After a year at Parkside, Bosman decided it was time to begin his pro career. He spent the 1963 season pitching Rookie League ball for the Kingsport (Tennessee) Pirates of the Appalachian League. That December, Bosman was chosen by the Giants in the first-year player draft. He reported to spring training with the major-league club in 1964. While he was impressive, he was one of nine pitchers cut in late March, near the end of camp. Bosman was sent to the Class-A Lexington (North Carolina) Giants of the Western Carolinas League.
The 20-year-old Bosman pitched in 35 games for Lexington, including nine starts. His 3.21 ERA apparently caught someone’s attention, as the Washington Senators chose him in the December 1964 minor-league draft. Bosman spent the 1965 season pitching for York, Pennsylvania, the Senators’ affiliate in the Double-A Eastern League, and after the season he pitched in the Florida Instructional League. During his stint there he combined with Dick Loun to no-hit the Reds’ entry in the league. Based on his time in the Instructional League, Bosman received an invitation to the Senators’ big-league camp in 1966 as a nonroster invitee.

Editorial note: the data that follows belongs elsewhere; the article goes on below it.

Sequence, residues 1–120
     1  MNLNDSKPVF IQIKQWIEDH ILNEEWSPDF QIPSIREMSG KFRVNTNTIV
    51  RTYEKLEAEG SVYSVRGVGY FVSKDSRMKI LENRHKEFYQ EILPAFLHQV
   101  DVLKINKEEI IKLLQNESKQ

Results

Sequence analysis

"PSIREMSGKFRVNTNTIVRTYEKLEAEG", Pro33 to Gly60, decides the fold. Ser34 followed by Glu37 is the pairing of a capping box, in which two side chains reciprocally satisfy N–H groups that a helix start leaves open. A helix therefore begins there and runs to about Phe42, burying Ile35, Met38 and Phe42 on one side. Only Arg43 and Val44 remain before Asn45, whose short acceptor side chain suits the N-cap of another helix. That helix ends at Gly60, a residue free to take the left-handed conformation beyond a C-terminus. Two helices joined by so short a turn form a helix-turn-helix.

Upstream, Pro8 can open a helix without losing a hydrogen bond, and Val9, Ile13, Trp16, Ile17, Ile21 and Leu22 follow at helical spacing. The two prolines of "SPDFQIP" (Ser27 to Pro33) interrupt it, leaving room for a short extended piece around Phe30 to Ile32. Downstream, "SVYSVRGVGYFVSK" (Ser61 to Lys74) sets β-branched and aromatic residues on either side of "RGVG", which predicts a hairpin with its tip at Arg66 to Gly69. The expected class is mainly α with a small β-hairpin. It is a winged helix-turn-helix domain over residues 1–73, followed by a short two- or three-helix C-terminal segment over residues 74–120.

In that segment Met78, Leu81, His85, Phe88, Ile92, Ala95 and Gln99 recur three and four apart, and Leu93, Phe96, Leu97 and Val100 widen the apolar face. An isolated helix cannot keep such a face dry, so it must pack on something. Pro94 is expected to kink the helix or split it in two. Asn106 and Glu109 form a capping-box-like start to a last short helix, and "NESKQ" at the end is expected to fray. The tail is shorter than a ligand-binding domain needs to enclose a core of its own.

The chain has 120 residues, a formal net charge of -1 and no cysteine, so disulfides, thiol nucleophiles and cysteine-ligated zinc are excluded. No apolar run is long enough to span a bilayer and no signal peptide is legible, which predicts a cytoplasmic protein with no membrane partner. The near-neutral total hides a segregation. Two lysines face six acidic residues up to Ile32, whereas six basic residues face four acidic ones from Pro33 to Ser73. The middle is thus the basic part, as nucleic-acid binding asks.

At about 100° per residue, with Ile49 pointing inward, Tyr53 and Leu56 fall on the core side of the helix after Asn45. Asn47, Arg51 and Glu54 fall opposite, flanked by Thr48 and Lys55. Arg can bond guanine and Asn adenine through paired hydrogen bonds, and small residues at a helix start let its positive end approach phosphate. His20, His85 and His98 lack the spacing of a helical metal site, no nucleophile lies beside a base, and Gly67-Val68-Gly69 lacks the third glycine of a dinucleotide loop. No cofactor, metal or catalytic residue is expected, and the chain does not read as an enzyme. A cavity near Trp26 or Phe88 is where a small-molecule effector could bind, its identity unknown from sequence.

Senators manager Gil Hodges was quite impressed with Bosman in spring training, telling him he had a chance to be a good big-league pitcher. When club GM George Selkirk cut Bosman from the big-league roster in early April, Hodges told him to go back to York, have a good month, and they would bring him back up.
Bosman went to York, pitched well for about six weeks, and then got the call from the Senators. He made his major-league debut as a starter at Fenway Park against the Boston Red Sox on June 1, 1966. His opponent was Jim Lonborg. Bosman went 7⅓ innings, allowing three earned runs on nine hits to pick up a 6-3 win.
Over the next seven weeks Bosman made 12 appearances, including six starts. He compiled a 2-6 record with a 7.78 ERA. Included in those six losses were three saves blown by the bullpen. In late July the Senators sent Bosman back to York and replaced him with York’s Barry Moore. Bosman returned to the Senators in September where he made one appearance out of the bullpen.